Why we are having a conversation about  building a new school when we can't get it right with what we have now is beyond me.  I hope people consider writing, calling, attending board meetings to voice their dissent!

  4. Less experience / less support

    Recognizing that there are less IEPs now that RtI is in place, doesn't reduce the needs that must be met by the schools – it just reduces the needs they are legally obligated to meet.

    Not only is the district reducing the number of support for kids with learning differences – it's also reducing the experience of the teaching staff.

    Workforce reduction should happen based upon quality.   By offering early retirement packages, the district encouraged the departure of experienced teachers to be replaced by less expensive, less experienced teachers.

    The Roundtable stated the following "The $3 million reduction for 2012-13 is due in part to a high number of teachers – 28 so far – electing to take early retirement, said Dr. Murphy. The early retirements enable the District to replace senior teachers with less experienced teachers at lower salary levels.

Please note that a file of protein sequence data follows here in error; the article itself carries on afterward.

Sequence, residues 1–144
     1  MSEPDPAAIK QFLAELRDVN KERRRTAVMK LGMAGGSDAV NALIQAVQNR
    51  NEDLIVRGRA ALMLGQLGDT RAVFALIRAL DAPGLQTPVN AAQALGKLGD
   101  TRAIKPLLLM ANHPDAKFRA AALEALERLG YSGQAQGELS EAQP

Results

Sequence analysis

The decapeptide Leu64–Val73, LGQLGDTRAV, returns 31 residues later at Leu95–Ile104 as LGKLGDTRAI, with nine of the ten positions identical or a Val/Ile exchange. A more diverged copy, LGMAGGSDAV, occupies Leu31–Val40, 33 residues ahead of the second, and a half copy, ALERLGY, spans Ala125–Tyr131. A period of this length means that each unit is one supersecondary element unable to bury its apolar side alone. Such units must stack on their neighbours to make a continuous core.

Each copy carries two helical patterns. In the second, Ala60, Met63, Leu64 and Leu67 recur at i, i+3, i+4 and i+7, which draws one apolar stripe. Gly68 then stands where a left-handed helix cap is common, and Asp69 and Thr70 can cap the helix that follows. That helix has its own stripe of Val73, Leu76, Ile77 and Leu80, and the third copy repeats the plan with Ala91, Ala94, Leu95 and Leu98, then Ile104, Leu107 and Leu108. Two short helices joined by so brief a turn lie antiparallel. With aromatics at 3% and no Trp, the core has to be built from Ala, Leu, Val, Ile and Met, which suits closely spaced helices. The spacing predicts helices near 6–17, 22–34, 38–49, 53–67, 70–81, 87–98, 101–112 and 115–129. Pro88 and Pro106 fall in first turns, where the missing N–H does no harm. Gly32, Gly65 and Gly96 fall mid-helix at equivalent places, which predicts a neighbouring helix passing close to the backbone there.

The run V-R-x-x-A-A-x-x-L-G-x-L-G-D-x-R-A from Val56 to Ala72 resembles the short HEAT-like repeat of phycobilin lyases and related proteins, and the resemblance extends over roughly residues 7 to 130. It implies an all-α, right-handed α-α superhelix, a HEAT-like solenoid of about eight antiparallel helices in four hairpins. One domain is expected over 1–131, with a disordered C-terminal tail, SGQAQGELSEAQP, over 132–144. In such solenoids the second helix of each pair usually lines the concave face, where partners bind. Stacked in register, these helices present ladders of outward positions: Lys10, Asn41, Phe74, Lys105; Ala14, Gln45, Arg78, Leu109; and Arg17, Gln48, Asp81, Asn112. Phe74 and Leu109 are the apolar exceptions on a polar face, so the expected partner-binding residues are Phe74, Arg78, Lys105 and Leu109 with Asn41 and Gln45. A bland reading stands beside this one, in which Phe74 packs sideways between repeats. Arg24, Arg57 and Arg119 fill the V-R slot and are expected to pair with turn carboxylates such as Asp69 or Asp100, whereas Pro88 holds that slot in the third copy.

Couple that with less support staff, and your likely to have a few tough years while these young teachers learn  how to work with kids who access education in a different manner than they were taught at school.

    So – while the district is claiming parents are over reacting – I think otherwise.   This district is not know for it's responsiveness to children with special needs – and now they are looking to reduce both staff experience and student support – all in the name of a balanced budget.

    I can't imagine what will be cut to fund operating expenses if the referrendum passes.


  5. Instructional Assistants must be valued

    I am the Director of Evanston Citizens for Appropriate Special Education (CASE) and I informed parents about the coverage in the RoundTable indicating the proposed cut of 10 instructional assistants as a cost savings measure.